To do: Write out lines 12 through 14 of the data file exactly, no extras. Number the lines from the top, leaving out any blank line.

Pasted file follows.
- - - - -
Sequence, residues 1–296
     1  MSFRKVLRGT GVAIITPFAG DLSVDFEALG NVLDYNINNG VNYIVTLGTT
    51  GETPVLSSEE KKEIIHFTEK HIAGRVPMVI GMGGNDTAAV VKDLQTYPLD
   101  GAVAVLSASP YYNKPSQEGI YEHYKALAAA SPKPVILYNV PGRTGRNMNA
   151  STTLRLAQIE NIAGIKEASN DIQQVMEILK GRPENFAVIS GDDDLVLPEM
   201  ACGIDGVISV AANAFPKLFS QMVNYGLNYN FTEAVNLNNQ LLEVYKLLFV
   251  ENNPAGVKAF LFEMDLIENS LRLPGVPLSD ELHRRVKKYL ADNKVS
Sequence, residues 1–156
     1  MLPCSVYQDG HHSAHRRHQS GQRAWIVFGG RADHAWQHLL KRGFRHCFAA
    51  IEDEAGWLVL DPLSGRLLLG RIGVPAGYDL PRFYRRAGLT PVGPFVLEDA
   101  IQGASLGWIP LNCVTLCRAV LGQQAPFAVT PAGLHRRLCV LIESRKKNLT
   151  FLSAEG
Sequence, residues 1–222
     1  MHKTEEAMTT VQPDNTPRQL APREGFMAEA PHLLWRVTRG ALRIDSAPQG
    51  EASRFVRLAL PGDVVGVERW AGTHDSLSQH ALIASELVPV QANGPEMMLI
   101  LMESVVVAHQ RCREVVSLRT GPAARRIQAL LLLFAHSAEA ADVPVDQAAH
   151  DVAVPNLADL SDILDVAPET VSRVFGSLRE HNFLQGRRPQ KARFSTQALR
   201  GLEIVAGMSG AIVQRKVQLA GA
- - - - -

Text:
   151  FLSAEG
Sequence, residues 1–222
     1  MHKTEEAMTT VQPDNTPRQL APREGFMAEA PHLLWRVTRG ALRIDSAPQG